According to Facebook, 900 million people are using Messenger every month and over one billion of the messages sent are between businesses and customers. With numbers like this, it is important for New Zealand businesses to get amongst it – but how?
Thompson suggests using codes and usernames, two of Facebook’s latest updates to the Messenger app.
Message Codes are an adaptation of the profile picture to make a scannable code. In the same way people add friends on Snapchat, in the Messenger app users can scan the code with the phone’s camera to open up a message thread with the business.
Thompson refers to them as an “updated, much cooler QR code”.
These codes can be added into ads, websites and other marketing channels to prompt people to reach out. Thompson also points out that they can be downloaded and printed to put anywhere a business wants to encourage people to get in touch.
“You can actually download a print resolution version by going to business manager/messages and clicking on the new circle-shaped Messenger Code.”
Also helping people to make contact with businesses is the new username feature, which will soon be rolled out across Facebook profiles. Users, including businesses, will have a unique username to help people find them on Facebook and Messenger. For businesses with a relatively common name, Thompson says this will be a useful tool.
Although she says these new features are designed to make it as easy as possible for businesses and communities to talk, she says smaller businesses can’t be expected to be online all the time – a problem, Facebook has an answer for.
Soon businesses will be able to use Messenger Greetings to welcome the person reaching out and set the tone. Thompson says this feature can also be used to set up automatic “I’m away” replies, and can be useful for businesses who get a lot of the same queries coming through.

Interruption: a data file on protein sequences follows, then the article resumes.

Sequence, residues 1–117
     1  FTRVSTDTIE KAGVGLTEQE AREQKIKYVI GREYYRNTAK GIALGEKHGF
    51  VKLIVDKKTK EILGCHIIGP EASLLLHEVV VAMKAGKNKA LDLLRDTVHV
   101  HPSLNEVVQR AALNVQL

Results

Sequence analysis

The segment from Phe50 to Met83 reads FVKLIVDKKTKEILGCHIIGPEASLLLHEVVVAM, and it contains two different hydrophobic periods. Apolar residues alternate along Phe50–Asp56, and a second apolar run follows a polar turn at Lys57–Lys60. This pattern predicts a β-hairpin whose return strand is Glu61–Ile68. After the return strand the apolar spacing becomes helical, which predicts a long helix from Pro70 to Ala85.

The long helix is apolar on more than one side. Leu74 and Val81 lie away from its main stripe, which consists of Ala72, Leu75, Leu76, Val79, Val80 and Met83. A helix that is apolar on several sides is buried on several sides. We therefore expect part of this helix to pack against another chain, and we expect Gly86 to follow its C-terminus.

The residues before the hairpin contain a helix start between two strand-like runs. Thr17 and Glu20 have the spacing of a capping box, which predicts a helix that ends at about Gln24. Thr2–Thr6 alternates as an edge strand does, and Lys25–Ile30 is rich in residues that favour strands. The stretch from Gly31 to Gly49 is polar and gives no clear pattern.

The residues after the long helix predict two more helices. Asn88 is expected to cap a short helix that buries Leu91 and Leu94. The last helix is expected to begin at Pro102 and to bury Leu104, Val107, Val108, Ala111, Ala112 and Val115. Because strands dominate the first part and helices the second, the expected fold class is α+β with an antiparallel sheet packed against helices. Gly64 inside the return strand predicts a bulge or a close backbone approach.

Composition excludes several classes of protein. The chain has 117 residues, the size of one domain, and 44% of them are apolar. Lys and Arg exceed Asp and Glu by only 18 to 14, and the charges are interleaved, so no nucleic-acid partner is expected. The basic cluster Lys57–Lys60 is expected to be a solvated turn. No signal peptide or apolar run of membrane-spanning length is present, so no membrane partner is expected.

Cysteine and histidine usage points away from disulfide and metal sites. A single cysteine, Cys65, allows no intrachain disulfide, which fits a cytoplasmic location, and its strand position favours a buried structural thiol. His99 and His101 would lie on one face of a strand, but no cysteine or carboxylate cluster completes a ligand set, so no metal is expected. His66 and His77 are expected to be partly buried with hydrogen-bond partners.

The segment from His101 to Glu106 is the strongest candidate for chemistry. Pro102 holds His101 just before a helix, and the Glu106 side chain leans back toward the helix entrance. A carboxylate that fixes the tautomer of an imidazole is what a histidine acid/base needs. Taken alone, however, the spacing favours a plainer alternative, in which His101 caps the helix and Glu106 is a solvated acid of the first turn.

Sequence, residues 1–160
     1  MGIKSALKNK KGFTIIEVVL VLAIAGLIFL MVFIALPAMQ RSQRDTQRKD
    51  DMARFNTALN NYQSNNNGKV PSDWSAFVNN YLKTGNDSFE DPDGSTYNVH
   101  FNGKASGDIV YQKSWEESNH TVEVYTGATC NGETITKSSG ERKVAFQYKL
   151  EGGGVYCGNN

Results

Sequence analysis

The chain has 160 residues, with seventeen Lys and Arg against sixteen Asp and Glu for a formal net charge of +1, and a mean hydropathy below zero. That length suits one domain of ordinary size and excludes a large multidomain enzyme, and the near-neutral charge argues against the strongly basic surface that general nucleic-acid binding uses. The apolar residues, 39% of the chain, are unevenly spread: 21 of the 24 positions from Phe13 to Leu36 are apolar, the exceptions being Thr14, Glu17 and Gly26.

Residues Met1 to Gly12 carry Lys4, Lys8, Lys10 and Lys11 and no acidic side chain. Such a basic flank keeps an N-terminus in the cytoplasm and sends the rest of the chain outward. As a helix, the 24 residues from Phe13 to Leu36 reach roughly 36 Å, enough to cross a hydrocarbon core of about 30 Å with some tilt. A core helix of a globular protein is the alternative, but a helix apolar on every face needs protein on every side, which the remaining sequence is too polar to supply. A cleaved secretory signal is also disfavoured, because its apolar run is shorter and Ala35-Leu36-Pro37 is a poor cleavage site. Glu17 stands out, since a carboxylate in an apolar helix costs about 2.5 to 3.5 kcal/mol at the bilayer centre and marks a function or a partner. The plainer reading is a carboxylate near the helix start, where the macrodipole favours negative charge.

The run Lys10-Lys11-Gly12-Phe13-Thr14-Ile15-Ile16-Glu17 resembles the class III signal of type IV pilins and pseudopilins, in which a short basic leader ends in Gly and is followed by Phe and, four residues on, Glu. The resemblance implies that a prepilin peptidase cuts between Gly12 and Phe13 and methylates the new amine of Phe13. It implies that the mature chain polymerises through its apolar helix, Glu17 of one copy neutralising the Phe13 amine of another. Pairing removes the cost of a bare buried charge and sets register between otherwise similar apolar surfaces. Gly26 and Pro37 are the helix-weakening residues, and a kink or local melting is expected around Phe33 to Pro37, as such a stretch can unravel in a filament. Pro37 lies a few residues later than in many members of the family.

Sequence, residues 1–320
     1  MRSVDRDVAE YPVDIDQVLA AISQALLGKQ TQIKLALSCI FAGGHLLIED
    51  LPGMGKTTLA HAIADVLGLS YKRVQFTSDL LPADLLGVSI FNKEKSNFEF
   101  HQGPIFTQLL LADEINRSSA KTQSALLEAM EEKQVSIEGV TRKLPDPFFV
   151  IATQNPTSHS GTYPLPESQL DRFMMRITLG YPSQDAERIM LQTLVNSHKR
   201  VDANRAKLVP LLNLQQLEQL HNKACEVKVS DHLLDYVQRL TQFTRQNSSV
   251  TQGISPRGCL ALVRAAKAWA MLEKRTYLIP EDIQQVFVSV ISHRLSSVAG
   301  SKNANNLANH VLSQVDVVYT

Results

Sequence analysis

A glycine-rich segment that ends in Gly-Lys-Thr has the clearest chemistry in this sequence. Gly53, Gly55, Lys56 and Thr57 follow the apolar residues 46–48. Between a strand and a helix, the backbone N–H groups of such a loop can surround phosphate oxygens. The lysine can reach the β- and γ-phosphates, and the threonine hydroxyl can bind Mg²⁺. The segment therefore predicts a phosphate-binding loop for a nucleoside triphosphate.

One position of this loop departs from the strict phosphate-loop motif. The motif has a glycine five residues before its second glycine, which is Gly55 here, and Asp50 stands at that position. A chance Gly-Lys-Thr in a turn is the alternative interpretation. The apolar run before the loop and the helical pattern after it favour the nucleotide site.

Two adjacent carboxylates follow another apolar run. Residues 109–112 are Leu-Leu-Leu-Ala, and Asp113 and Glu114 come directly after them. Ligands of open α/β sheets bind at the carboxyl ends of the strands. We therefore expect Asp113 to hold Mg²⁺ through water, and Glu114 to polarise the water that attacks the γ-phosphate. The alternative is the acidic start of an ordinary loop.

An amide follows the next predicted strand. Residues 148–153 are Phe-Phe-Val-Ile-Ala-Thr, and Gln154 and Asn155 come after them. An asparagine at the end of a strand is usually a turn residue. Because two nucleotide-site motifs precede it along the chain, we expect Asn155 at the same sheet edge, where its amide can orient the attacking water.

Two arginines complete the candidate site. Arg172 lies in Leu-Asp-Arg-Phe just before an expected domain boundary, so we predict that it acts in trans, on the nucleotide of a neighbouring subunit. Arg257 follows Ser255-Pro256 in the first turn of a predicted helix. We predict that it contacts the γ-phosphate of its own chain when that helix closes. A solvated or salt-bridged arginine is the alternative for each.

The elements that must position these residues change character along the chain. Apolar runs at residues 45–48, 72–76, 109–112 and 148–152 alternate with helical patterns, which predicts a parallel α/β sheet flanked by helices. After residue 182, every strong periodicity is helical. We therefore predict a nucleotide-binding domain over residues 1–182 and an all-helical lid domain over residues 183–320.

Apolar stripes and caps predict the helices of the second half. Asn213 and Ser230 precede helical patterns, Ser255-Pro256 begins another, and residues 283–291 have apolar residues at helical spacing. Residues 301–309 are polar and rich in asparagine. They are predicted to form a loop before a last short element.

These new features are just the beginning for brands looking to take advantage of the masses using Facebook Messenger. Thompson says later this year Facebook is apparently introducing advertising to the app, so she suggests marketers wanting to take full advantage of the opportunities look at how people are using the Asian platforms WeChat and Line. Both have already incorporated advertising into the app.
For businesses looking to make Messenger a form of communication with customers, Thompson suggests considering the following:
- Are there any situations where you’d want your customers to private Facebook message you instead of calling you? Incorporating the codes at key touch-points could possibly save you time and dollars your call centre.
- Don’t restrict yourself to pain points – although it’s great to get public reviews, private, nice feedback is just as valuable and will reduce churn and build brand loyalty.
- As people find it easier to message brands directly through Facebook, you may want to think more about increasing your Facebook focused customer engagement and service team.
- Wendy Thompson is the founder and managing director of Socialites, a full-service social media agency.
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